[ANNOUNCE] gunzip filter module 0.3

Ryan Malayter malayter at gmail.com
Wed Mar 24 15:48:13 MSK 2010

On Tue, Mar 23, 2010 at 8:46 AM, Maxim Dounin <mdounin at mdounin.ru> wrote:
> I belive proxy_cache must cache response as it was got from
> upstream.  It is not it's business to compress or change anything,
> there are output filters to do changes.

Transformation of content by proxies and caches is specifically
allowed in the HTTP specs, unless a "Cache-Control: no-transform"
directive is present.

Or were you  referring to the nginx architecture/code specifically? If
that is so, why is it not the business of proxy_cache to transform
content (it already  manipulates headers out of necessity)?
Re-applying the same output filter repeatedly is wasteful and
increases latency. If Igor is worried about the impact updating HTTP
date strings more than once per second, surely avoiding thousands of
loops through a gzip filter is an optimization that would be smiled

Even Microsoft gets this specific part right (static content is cached
in its compressed state in IIS, and can use a different compression
ratio from dynamic content).

> On the other hand it is believed to be good idea to implement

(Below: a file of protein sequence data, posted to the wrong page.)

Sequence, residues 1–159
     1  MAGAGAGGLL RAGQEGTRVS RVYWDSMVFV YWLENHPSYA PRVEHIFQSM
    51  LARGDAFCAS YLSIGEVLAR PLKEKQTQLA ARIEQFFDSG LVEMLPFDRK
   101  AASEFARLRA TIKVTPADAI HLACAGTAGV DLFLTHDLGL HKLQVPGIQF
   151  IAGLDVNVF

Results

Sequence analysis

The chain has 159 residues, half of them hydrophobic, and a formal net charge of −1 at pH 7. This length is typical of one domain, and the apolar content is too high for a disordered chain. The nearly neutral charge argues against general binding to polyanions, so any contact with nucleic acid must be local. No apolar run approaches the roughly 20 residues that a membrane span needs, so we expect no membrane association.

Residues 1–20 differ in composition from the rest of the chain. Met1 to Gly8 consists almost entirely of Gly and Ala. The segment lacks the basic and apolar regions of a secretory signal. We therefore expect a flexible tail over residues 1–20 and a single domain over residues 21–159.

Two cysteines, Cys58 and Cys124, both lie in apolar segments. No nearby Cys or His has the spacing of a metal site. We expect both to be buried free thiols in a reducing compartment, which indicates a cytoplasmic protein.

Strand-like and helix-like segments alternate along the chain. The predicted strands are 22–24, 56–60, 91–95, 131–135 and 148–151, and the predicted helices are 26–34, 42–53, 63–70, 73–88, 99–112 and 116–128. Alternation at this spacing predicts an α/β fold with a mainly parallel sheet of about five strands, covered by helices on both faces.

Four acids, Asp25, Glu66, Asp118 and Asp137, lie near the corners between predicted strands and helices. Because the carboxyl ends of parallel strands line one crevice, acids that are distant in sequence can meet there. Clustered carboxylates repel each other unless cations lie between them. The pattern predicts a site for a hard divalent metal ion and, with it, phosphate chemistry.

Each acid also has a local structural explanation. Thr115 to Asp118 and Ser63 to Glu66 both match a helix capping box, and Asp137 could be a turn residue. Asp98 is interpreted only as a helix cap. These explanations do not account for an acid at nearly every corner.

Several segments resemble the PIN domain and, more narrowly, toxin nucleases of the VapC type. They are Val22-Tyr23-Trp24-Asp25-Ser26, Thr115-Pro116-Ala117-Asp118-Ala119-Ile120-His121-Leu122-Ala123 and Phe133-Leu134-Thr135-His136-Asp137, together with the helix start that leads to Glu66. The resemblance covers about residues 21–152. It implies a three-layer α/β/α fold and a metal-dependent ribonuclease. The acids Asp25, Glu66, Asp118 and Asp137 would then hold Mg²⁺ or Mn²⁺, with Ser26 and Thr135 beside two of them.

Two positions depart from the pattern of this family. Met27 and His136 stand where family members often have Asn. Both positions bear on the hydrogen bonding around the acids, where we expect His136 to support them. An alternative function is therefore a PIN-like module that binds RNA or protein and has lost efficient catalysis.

> cache support in gzip filter.  I.e. gzip filter will cache gzipped
> content and will send it to client instead of re-compressing it.
> And it's actually in Igor's plans AFAIK, but most likely not near
> plans.

Integrating the compression with the "retrieval" portion of the cache
code would allow for the use of high compression ratios for long-lived
objects, as well as prevent duplication of data on disk. Also, any
caching mechanism is going to need the same quantity of settings and
infrastructure as proxy_cache already has, so there would be a lot of
unnecessary code duplication if the mechanism was separate from
proxy_cache. But it would be more general (for nginx) to have a
separate standalone gzip_cache module.

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